Joe Gallo has been elected as the Republican nominee — and de facto winner — of the new judgeship in Ellis County Court at Law No. 3.
In the unofficial final voting tabulation that was released at about 11 p.m. Tuesday night, Gallo had 13,438 total votes, or 62.96 percent, to 7,906 votes for Vance Hinds, according to the Ellis County Elections website. Gallo's victory was broad-based as he carried every precinct in the county.
Attempts to contact Gallo for reaction were not immediately successful.
Because no one filed to run in the Democratic primary for the seat, Gallo will not be opposed in the Nov. 3 general election and will assume the bench in the new courtroom when it convenes for the first time in January 2021.
Gallo, a former Waxahachie city council member, has been active in the city’s civic affairs as well as politics, with past memberships in Waxahachie’s Tax Increment Reinvestment Board and leadership in the Waxahachie Rotary Club and Chamber of Commerce. In addition to private law practice, Gallo served as Waxahachie municipal judge for five years.
In a candidate forum at the Midlothian Conference Center on Feb. 6, Gallo touted his well-rounded experience in all aspects of law as his qualification.
“My entire legal career has been practicing criminal law,” Gallo said. “I’ve been a prosecutor, I’ve been a defense attorney, and I’ve been a judge for the criminal court for the city of Waxahachie. It’s the only thing I enjoy. If the court had other matters, I wouldn’t be interested.”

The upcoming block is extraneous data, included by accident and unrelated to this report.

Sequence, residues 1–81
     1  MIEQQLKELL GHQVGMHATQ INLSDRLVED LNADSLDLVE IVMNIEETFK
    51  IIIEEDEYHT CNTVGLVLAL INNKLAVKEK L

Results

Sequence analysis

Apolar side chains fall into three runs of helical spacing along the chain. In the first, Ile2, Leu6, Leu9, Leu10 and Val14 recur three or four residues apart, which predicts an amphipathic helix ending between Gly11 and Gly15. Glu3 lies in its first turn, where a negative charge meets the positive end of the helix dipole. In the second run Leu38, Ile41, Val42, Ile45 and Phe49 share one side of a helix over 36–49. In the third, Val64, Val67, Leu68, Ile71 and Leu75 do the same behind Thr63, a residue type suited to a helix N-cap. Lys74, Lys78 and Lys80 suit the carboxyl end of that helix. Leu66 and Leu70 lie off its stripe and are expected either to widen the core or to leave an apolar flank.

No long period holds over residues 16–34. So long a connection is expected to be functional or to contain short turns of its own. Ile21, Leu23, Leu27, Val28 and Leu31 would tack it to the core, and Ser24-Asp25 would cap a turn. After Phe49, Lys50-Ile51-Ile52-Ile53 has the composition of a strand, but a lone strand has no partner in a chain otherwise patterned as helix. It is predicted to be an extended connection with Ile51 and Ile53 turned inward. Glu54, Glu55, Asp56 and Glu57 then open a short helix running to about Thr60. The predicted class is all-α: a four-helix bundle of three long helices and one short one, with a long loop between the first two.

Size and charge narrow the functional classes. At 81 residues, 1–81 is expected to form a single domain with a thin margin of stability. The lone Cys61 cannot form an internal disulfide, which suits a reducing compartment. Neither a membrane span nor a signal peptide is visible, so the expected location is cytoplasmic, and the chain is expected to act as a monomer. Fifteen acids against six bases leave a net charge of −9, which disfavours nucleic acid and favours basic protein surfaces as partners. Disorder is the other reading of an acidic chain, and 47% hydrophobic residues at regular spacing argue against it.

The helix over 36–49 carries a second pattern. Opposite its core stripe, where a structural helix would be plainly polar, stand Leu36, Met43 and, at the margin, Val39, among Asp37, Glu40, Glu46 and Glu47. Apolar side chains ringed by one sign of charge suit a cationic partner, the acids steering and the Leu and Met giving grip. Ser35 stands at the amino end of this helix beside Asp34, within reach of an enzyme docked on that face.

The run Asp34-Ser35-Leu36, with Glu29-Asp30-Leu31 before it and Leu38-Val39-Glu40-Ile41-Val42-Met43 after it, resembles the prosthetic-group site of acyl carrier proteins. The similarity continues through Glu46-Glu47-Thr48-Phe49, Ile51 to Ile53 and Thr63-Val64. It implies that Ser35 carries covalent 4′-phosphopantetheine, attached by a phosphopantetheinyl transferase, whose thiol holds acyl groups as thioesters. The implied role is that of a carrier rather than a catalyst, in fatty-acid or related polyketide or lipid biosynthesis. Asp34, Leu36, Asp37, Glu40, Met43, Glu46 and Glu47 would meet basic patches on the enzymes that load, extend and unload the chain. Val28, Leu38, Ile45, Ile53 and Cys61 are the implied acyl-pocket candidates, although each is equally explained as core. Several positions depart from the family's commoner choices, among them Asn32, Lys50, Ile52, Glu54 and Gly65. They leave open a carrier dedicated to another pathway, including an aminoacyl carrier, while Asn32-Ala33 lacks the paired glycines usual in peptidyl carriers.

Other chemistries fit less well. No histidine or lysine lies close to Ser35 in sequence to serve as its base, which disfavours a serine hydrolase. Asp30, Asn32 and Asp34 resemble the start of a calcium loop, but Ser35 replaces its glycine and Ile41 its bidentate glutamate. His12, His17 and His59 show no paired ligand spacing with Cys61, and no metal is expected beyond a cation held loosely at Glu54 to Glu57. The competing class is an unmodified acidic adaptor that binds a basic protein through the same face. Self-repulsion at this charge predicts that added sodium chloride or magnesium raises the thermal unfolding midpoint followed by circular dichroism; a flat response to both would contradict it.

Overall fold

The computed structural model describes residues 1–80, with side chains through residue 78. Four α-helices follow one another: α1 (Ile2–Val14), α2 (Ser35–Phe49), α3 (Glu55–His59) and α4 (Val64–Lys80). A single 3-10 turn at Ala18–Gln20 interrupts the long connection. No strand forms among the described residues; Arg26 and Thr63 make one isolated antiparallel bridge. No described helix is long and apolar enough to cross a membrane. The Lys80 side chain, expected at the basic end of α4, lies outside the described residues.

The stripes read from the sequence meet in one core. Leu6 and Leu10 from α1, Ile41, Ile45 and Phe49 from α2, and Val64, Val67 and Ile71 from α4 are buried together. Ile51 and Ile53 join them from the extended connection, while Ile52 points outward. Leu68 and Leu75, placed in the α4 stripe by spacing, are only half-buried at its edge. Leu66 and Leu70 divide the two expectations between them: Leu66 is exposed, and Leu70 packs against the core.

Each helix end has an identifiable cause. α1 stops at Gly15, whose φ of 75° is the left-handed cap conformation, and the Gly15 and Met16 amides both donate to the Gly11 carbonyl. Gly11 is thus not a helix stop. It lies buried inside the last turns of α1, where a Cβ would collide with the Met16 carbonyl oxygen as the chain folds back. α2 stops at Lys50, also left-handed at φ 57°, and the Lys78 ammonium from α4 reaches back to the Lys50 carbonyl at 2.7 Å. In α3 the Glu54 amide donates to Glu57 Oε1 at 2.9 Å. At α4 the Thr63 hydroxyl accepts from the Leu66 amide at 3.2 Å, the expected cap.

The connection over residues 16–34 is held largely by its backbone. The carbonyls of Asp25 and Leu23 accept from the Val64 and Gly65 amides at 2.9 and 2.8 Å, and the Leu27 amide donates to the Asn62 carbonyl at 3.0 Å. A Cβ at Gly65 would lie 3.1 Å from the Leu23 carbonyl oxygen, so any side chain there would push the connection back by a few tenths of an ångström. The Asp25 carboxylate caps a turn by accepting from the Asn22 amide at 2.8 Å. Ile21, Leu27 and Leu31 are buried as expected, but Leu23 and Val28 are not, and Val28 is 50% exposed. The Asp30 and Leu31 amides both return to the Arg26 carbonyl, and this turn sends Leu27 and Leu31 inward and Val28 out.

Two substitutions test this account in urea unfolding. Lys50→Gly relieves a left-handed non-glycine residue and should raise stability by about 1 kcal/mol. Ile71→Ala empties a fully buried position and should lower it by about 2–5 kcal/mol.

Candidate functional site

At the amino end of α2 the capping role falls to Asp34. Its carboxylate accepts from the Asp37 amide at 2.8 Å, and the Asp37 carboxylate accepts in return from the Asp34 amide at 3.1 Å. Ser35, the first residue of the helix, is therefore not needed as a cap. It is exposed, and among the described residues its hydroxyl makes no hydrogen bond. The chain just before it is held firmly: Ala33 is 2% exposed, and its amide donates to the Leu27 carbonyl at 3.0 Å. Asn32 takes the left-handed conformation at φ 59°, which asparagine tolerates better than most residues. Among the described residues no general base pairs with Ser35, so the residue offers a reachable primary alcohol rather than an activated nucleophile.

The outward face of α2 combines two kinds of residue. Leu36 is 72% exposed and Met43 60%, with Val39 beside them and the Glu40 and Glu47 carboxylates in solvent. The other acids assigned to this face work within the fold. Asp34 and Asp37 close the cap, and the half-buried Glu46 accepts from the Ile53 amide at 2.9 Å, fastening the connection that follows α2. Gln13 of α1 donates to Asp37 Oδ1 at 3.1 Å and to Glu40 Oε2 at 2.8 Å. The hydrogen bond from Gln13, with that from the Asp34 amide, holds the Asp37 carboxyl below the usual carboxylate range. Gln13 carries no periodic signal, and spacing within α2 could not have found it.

Hinds has been an attorney for 26 years and has worked in the prosecutor’s office for seven years. His family has deep roots in Ellis County, and Hinds said both his father and brother are lawyers.
“This is my home and where I want to be,” Hinds said at the same forum. “All of my kids graduated from Waxahachie High School, my nephews and nieces graduated from (there) and I graduated from Waxahachie High School. I’m really excited to give back to the community and possibly serve as the first administrator of this court.”
Hinds also mentioned his recent weight loss journey in which he lost more than 200 pounds.
Both candidates said at the February forum that the backlog of cases is the biggest problem in Ellis County’s courts — which was the reason why the new court was created. “Justice delayed is justice denied,” Gallo said.